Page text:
• Withings Aura Smart Sleep System. The Aura Smart Sleep System has a wide variety of features. It monitors your sleep. Additionally, it includes a sound and light unit to help your patients get off to sleep and to wake them up gently in the morning. The system comprises a strap designed to sleep on to monitor movement, a bedside unit that emits sound, light and that measures environmental factors. There’s a mobile phone app that delivers results.
  • Sense with Voice Sleep System. Sense is a modern-looking, stylishly designed spherical sleep tracker. It boasts a sound machine, environmental sensors and a smart alarm. An unobtrusive disc clips to the pillow and records all night time movements. The second generation Sense is voice controlled.
  • Sleepace Reston. The Sleepace Reston is a completely dedicated sleep tracker that utilizes medical grade sensors. Your patient places the long, flat tracker belt under their sheet. Measurements collected include time asleep, awake time, mid and deep sleep, quantity of light, times out of bed or turned over in bed. The technology monitors for heart pauses, sleep apnea, breathing and heart rate.
  • S+ by ResMed Personal Sleep Solution. The S+ is the first ever personal sleep device that works with absolutely no physical contact. The equipment works via radio frequency technology, monitors your physical movement and breathing while you sleep and simply sits on the bedside table. The monitor stands out in terms of collecting information on bedroom environmental factors, daytime activities and sleep. It incorporates a nightly questionnaire about lifestyle habits and stress to help correlate daily behaviors with sleep.
  • Emfit QS. The Emfit QS is an under-mattress monitor that works well for athletic patients. It’s entirely contactless. Patients can track deep and REM sleep, heartbeat, time spent in light, breathing rate, restlessness. They can also keep tabs on total recovery, recovery efficiency and whole night heart rate variability (HRV). These measurements can help you pinpoint days you should rest, train or train harder. Looking at trends over weeks and months can prevent overtraining.
  • Beddit 3.0 Smart Sleep Monitor. The Beddit monitors snoring, heart rate and breathing. Again, this monitor works by means of a thin strip placed under your bed sheet. A smartphone app tracks sleeping information including bedroom temperature and humidity.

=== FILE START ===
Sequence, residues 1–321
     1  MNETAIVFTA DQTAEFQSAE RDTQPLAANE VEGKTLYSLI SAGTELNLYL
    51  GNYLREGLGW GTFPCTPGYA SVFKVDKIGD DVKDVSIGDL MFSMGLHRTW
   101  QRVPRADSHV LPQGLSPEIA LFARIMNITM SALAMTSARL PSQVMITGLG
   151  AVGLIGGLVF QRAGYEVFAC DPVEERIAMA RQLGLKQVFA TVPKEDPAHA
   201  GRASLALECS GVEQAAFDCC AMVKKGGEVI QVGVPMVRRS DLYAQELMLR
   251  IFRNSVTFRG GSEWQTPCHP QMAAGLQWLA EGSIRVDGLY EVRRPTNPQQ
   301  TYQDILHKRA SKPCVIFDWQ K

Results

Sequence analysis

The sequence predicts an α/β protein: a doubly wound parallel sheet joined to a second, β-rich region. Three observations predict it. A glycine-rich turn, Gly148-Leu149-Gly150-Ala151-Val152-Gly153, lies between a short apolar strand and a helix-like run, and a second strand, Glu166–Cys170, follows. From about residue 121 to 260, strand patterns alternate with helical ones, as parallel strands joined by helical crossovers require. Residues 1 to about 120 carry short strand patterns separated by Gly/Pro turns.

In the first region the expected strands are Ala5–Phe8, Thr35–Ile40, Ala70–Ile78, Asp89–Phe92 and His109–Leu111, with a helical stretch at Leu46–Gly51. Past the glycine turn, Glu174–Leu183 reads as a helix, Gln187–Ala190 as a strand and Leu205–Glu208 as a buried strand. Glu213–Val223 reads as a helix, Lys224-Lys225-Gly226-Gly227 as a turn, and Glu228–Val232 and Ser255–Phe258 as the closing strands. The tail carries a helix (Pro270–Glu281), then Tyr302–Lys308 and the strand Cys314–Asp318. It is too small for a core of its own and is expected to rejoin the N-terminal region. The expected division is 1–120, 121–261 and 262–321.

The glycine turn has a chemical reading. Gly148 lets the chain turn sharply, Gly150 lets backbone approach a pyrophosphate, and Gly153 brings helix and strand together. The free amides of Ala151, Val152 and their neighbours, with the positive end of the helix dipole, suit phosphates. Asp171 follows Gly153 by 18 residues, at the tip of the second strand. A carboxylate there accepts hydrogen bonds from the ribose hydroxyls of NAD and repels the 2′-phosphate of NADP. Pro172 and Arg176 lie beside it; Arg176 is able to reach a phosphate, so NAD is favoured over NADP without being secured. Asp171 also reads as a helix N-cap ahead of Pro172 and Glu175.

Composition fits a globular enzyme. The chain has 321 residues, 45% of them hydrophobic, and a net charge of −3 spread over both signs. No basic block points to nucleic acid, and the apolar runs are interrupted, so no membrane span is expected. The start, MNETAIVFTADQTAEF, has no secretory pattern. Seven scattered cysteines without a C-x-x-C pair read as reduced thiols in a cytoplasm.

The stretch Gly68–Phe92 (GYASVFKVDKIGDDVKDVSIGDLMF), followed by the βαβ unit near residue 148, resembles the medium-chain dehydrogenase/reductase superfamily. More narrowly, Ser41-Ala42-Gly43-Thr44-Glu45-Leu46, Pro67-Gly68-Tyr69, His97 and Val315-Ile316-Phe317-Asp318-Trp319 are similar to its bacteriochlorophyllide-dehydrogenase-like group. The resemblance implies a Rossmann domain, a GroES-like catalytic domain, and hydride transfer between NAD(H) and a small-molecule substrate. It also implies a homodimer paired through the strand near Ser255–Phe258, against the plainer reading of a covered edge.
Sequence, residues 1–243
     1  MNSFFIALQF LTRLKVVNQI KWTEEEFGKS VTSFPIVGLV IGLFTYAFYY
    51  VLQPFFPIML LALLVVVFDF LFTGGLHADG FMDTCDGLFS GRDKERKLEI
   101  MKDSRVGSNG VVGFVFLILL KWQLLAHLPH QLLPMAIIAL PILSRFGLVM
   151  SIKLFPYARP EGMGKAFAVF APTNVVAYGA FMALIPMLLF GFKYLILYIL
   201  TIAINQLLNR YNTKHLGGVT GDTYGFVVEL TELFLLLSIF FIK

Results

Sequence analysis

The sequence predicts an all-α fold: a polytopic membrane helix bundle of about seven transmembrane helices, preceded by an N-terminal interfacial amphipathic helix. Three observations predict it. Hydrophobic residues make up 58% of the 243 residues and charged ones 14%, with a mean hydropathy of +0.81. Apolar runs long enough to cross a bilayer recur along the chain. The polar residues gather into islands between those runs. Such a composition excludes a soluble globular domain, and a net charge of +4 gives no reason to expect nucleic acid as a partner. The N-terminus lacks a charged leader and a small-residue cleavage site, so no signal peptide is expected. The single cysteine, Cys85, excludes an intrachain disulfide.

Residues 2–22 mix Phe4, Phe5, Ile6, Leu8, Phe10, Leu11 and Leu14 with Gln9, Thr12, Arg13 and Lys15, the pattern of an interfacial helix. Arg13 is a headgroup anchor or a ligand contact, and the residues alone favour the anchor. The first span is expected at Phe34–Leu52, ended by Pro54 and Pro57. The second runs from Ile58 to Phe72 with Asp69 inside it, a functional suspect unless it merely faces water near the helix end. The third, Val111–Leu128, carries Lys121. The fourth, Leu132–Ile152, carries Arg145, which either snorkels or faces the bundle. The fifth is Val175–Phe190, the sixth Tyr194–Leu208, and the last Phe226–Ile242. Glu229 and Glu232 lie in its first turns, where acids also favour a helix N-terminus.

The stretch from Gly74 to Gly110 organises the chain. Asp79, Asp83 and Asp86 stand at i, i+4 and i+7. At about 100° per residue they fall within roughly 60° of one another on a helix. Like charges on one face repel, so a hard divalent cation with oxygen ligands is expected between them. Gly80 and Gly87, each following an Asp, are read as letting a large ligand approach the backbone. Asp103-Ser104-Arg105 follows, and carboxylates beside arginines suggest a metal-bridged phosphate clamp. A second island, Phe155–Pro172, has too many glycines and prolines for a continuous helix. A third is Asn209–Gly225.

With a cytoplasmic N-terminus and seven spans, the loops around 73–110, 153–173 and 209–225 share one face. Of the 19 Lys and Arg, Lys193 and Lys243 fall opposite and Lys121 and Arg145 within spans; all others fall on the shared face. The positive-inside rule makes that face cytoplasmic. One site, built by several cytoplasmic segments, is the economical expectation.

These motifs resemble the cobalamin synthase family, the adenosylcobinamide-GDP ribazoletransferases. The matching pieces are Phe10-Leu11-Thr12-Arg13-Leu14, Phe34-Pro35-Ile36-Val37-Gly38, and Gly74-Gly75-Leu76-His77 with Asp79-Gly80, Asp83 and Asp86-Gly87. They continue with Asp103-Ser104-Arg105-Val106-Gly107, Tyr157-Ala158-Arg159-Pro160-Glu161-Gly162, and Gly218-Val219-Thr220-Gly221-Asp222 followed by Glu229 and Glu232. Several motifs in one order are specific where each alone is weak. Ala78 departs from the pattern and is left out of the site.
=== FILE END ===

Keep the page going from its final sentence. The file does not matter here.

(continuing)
Sleep Apps

In addition to wearable and non-wearable personal sleep devices, there are a plethora of sleep apps your patients could try to monitor or improve the quality of their sleep. Some examples of sleep apps that individuals can use with their smartphones include:

  • Sleep Cycle
  • Pzizz
  • Sleep Genius
  • Relax Melodies
  • Proactive Sleep Alarm Clark
  • Motion X
  • Pillow
  • Sleep Time+
  • Sleep Better

When is it time to recommend a sleep study?

Personal sleep devices are a useful method for tracking sleeping habits. If you suspect any underlying medical condition or issue, the devices are no replacement for a sleep study. It’s good practice to recommend a sleep study if a patient is experiencing any of the following:

  • Stress
  • Obesity
  • Irregular heartbeat
  • Heart attack
  • Heart disease
  • Excessive daytime sleepiness
  • Fatigue
  • Morning headaches
  • Diabetes
  • Poor work performance
  • Cognitive impairment
  • Irritability
  • Depression
  • Difficulty concentrating
  • Anxiety
  • Mood swings

You should also speak to your patient and arrange a sleep study if you suspect any of the following conditions may be present:

  • Bruxism. Bruxism involves clenching the jaw and often grinding the teeth loudly during sleep.
  • Obstructive sleep apnea (OSA). Loud snoring, choking feelings and breathing cessation are some major symptoms of the condition.
  • Periodic Limb Movement Disorder (PLMD) and Restless Leg Syndrome (RLS). Both these movement disorders cause continuous leg movements throughout the night.

More information about in-lab sleep studies

In-lab sleep studies give you a fully comprehensive evaluation of your patient’s sleeping habits. You can use this information to correctly and efficiently diagnose sleep disorders. If your patient requires medical intervention, you must recognize this and respond.

Conclusion

Data from sleep trackers is a functional tool to educate patients about their sleeping habits. If you suspect a medical problem, these are no longer enough. Sleep trackers provide a general overview of sleep. You cannot use them on their own to diagnose a sleep disorder. You should instead carry out a sleep study that provides real and targeted data.

Key Takeaways

To summarize, the key takeaways from this article are:

  • Personal sleep devices monitor your sleep and are either wearable or non-wearable.
  • Patients should use these to get a broad picture of their sleeping habits.
  • Never use sleep devices in place of a sleep study.
  • Arrange a sleep study if you suspect any underlying cause behind your patient's sleeping problems.

If you’re keen to find out more, download our free eBook "Sleep Technology Terms & Definitions" for the latest explanations of key terms that are used in the routine practice of sleep technology.

Sleep Technology Terms and Definitions